Thursday, June 01, 2006

A Talent for War

Robert M. wrote in response to my Sitzkrieg post, wondering how the Germans could go from warriors to worriers so thoroughly. Did the Cold War sap them of martial vigor so completely? Did NATO succeed all too well in keeping the Germans down? (In addition to keeping the Russians out and the Americans in, as the saying went.)

Did we do this to the Germans by protecting them? The Germans were among the best soldiers in NATO and an ally whose loyalty rivaled Britain's. Yes, the German people increasingly worried about theater nuclear weapons and had their own detente policy with East Germany, but the government remained solid in keeping an excellent army in the field. Perhaps the influx of natural socialists from uniting with East Germany pushed Germany over the edge.

And is this a general European disease? Is Europe committed to peace?

For now, I suppose so. But I don't assume the Germans are permanently pacifist any more than I think Europe is permanently defanged. Europeans are very much from Mars.

The Europeans don't believe they are pacifists. This is why their elites strive so hard to create a European empire by force of regulations instead of force of arms. They want to suppress the European talent for warfare.

Of course, I think that we should oppose a European empire regardless of how it is formed. Letting one entity control the economic, financial, scientific, and military power of the continent would be a mistake. We've fended off threats from Europe since our birth and I don't assume this threat is extinguished.

An EU empire will be threat to us and when a nation tries to withdraw, a EU Brezhnev Doctine will be used to forcibly keep that nation in the EU. You won't leave the EU any more than you can leave the mob. And internal threats? We've seen how they can kill their own. It could happen again.

Victor Hanson sees the current European situation as reflecting the times of two past eras:

Despite a public anti-Americanism, individual Europeans extend the old warmth and friendship to American visitors. Yet beneath the veneer of the good life, there is also a detectable air of uncertainty in Europe this summer, one perhaps similar to that of 1914 or the late 1930s.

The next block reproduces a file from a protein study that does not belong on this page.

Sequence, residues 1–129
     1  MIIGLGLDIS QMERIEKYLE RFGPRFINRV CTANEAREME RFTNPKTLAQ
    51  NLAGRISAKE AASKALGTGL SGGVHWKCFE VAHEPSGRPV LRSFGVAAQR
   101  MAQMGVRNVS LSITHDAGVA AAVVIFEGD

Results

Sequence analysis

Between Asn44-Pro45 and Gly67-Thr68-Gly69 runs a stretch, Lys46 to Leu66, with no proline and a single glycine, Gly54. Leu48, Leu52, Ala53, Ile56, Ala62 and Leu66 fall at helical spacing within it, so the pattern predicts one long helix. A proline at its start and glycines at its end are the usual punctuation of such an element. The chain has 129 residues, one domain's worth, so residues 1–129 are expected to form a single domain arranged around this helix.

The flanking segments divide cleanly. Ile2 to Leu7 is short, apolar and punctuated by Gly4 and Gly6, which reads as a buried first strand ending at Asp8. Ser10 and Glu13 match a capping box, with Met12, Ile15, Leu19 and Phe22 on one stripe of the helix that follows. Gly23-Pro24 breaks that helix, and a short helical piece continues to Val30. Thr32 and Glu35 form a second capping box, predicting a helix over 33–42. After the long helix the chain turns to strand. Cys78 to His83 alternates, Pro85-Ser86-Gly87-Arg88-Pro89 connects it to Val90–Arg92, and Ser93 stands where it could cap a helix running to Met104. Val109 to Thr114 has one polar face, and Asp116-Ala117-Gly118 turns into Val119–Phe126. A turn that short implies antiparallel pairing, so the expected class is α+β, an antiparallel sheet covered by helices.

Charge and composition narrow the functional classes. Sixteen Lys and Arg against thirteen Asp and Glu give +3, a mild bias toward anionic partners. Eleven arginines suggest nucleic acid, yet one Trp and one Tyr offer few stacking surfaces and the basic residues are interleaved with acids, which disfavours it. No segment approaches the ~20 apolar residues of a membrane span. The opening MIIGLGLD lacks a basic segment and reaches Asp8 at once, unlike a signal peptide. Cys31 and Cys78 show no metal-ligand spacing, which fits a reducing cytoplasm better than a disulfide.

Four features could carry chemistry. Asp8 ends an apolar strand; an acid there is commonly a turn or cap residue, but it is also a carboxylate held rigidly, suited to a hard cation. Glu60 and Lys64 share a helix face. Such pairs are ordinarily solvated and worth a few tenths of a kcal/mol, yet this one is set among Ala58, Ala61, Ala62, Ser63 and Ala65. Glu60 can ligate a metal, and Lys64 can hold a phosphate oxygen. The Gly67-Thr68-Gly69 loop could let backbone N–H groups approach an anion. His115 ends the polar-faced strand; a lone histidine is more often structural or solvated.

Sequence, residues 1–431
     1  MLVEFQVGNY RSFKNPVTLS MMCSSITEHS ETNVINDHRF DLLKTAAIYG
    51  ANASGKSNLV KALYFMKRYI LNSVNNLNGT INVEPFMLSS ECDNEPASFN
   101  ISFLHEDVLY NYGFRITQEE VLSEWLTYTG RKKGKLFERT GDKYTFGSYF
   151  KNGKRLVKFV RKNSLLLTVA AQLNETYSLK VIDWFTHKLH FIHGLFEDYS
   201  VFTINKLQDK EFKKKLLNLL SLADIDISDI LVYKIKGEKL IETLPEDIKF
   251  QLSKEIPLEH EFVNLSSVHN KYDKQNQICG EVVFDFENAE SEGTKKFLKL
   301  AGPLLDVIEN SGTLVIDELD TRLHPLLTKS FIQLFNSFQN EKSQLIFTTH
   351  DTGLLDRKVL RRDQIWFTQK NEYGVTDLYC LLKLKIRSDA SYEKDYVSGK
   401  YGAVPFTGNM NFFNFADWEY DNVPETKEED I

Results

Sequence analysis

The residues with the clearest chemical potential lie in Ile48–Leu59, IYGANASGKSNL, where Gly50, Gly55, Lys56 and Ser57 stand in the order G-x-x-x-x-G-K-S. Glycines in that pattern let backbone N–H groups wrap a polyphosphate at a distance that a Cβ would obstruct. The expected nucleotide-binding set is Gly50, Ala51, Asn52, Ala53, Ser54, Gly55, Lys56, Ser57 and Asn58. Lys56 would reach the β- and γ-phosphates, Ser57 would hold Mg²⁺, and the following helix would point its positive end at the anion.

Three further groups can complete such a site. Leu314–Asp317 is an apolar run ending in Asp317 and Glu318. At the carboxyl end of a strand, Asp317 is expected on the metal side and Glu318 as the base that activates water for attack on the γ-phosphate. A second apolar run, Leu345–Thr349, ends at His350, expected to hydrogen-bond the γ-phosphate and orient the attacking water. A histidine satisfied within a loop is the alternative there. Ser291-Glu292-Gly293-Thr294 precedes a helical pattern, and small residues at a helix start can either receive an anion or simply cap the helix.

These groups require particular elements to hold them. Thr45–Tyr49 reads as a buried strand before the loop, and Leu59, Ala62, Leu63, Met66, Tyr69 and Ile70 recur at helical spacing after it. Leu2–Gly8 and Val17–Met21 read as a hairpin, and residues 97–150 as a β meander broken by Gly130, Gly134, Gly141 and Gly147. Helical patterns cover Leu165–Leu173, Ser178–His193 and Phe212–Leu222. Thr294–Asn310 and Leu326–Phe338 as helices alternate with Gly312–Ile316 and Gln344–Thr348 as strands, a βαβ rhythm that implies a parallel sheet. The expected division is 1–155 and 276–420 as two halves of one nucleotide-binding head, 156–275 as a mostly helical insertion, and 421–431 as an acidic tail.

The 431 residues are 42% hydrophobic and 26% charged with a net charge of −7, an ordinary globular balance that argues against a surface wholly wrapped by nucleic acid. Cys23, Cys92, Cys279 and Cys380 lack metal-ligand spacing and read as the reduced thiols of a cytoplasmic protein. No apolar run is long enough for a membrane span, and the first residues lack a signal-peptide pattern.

Two past pre-war eras, if I have to point out the obvious. And what might this bring?

Publicly, Europe's frustrations are fobbed off on "crass Americans" - and particularly George Bush. The Iraq war has poisoned the alliance, the Europeans insist. They contend that America's greedy consumers warm the planet, siphon off its oil and trample foreign cultures.

But in private, some Europeans will confess that the problem lies with Europeans, not us. Some brave soul soon is going to have to inform the European public: Work much harder and longer for less money; defend the continent on your own; move out of mama's house and start changing diapers - and from now on expect far less from the state.

Who knows what the reaction will be to that splash of cold water? In response, what European populist will soon appear on the streets in Rome, Berlin or Madrid once again to deceive the public that it was someone else who caused these disappointments?

We in America should take note of the looming end of this once seemingly endless summer. We've been there, done that with this beloved continent all too many times before.

In the end, we must stay engaged in Europe to prevent a new threat to us from arising in Europe. (And I worry more about the Europeans than any long range Moslem demographic threat that Mark Steyn writes about.) I value what they do for us as individual states.

We can have European friends, no doubt. We cannot have Europe as a friend.